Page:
Truth will out. In a long-awaited safety report, Uber on Thursday disclosed 3,045 allegations of sexual assaults involving its drivers and passengers in the United States last year amid 1.3 billion trips. That's about 1 in every 427,000 rides. There were also 9 murders and 58 people killed in traffic accidents.
Mr. DeMille, I'm ready for my close-up. Gearing up for the next round of the phone wars, Samsung is preparing mega-upgrades to the cameras in its devices; mega as in megapixels, that is. The Korean phonemaker will add a 108 megapixel camera and 5X telephoto lens to its Galaxy S11 smartphone next year, Bloomberg reports. This year's cameras topped out at a lowly 16 megapixels. Rumors are also circulating about the 2021 (!) Apple iPhone. It may have no ports at all, relying on wireless for charging and data exchanges, the well-connected analyst Ming-Chi Kuo says.
Maclunkey. Speaking of wireless iPhone tech, the privacy mystery in Apple's newest models has been cracked. Researcher and writer Brian Krebs noticed earlier this week that iPhone 11 models appear to be seeking location data even when all controls and apps have location services turned off (to avoid tracking). That could have been a big black eye for privacy-conscious Apple–and its marketing department. But the company admitted on Thursday that the leaks were related a new ultra wideband wireless technology in the phones. Apple said it would add a setting to disable the service to a future software update.
I'm still talkin' champagne. It's been fun tracking the battle among tech giants Apple, Microsoft, Amazon, and Google for the title of world's most valuable public company (Apple is currently in the lead with a market cap of $1.2 trillion). But all that will fall away, at least for a while, as Saudi Aramco goes public today at a stock market valuation of $1.7 trillion.
HRRRRRRRRRRrrisse and Shyneeee. While you were at work all week, or maybe working from home on a snowy day, the stars at Qualcomm and the reporters who cover them were in Hawaii for the company's annual new products shindig. Of course, there are new chips for phones with even better 5G capabilities (and, in some cases, lower prices, too). There's also new silicon, dubbed the XR2 platform, to run virtual and augmented reality headsets.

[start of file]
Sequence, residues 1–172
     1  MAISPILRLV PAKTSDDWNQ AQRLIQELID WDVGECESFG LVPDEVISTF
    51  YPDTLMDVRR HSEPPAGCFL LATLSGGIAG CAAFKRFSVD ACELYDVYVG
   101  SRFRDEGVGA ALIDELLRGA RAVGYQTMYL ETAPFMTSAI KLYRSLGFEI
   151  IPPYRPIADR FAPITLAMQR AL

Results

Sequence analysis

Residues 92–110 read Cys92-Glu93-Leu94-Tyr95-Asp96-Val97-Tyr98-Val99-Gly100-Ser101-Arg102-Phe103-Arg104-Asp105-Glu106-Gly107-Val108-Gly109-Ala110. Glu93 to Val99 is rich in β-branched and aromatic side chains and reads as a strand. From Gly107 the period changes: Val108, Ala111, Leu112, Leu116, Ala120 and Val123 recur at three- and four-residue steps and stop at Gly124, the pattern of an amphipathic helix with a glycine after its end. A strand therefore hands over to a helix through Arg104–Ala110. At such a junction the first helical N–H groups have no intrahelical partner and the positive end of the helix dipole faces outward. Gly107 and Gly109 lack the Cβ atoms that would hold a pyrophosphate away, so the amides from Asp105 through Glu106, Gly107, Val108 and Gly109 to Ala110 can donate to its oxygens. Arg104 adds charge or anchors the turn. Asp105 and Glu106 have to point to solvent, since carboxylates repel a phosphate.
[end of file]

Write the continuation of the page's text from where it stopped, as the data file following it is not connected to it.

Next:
FOOD FOR THOUGHT
They're teaching artificial intelligence programs to perform so many human tasks. How about painting and sculpture? Some say the machines can't make true art, but Arthur I. Miller disagrees. The emeritus professor of history and the philosophy of science at University College London argues that the works of computers are offering a unique perspective on the world, just as human artists do, as he explains in an interview with Nautilus.
The machine sees the world in a different way than we see the world. Just like an artist does. That gives you an inkling that machines will have a different physiology. In time, they will evolve emotions. Just from scanning the web now, they could imitate our emotions. They’ll say, “Oh, thirst, that’s cool. I think I’ll be thirsty,” and they can convince you they’re thirsty. “Love, that sounds cool too, I just had this nice discussion with a machine down the street, and it seems like love.” They’ll hone their notion of love by reading novels, and soon they will evolve emotions and consciousness. That will be the point of artificial general intelligence. Then it’s just a hop, skip, and a jump to artificial superintelligence, where they go beyond us in intelligence, emotions, and consciousness.
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FOR YOUR WEEKEND READING PLEASURE
A few long reads that I came across this week:
Ponzi Schemes, Private Yachts, and a Missing $250 Million in Crypto: the Strange Tale of Quadriga (Vanity Fair)
When Canadian blockchain whiz Gerald Cotten died unexpectedly last year, hundreds of millions of dollars in investor funds vanished into the crypto ether. But when the banks, the law, and the forces of Reddit tried to track down the cash, it turned out the young mogul may not have been who he purported to be.
When a Disappointment Helped Lead to a Nobel Prize (New York Times)
The winners of this year’s Nobel in economics did pioneering field experiments that sometimes didn’t work as expected.
Inside Larry Page’s Turbulent Kitty Hawk: Returned Deposits, Battery Fires And A Boeing Shakeup (Forbes)
The technology is one thing, but 80% of the effort is in productizing and building an aircraft that can be certified.
How I Get By: A Week in the Life of a McDonald’s Cashier (Vice)
Cierra Brown is trying to do all she can on her own, but it rarely feels like she’s doing enough.
IN CASE YOU MISSED IT
Meet Evil Corp., the Hacker Group Feds Say Stole $100 Million From Banks By Chris Morris
Can Sundar Pichai Bring Order to Alphabet? Former Google Employees Have Doubts and Hope By Danielle Abril
Gift Guide: Winning Presents for the Video Gamers on Your List By Lisa Marie Segarra
The Newest Perk at W Hotels: A Rent the Runway Closet Concierge Service By Rachel King
BEFORE YOU GO
The Sundance Film Festival is almost always chock full of interesting movies that I put on my "must see" list. The lineup for next year's festival is out and I'm enticed once again. Actress Elizabeth Moss always picks great roles and she's starring as author Shirley Jackson in Shirley. There's also the Gloria Steinem biopic The Glorias. And don't sleep on the Taylor Swift documentary Miss Americana. Get your popcorn ready!
On Twitter: @ampressman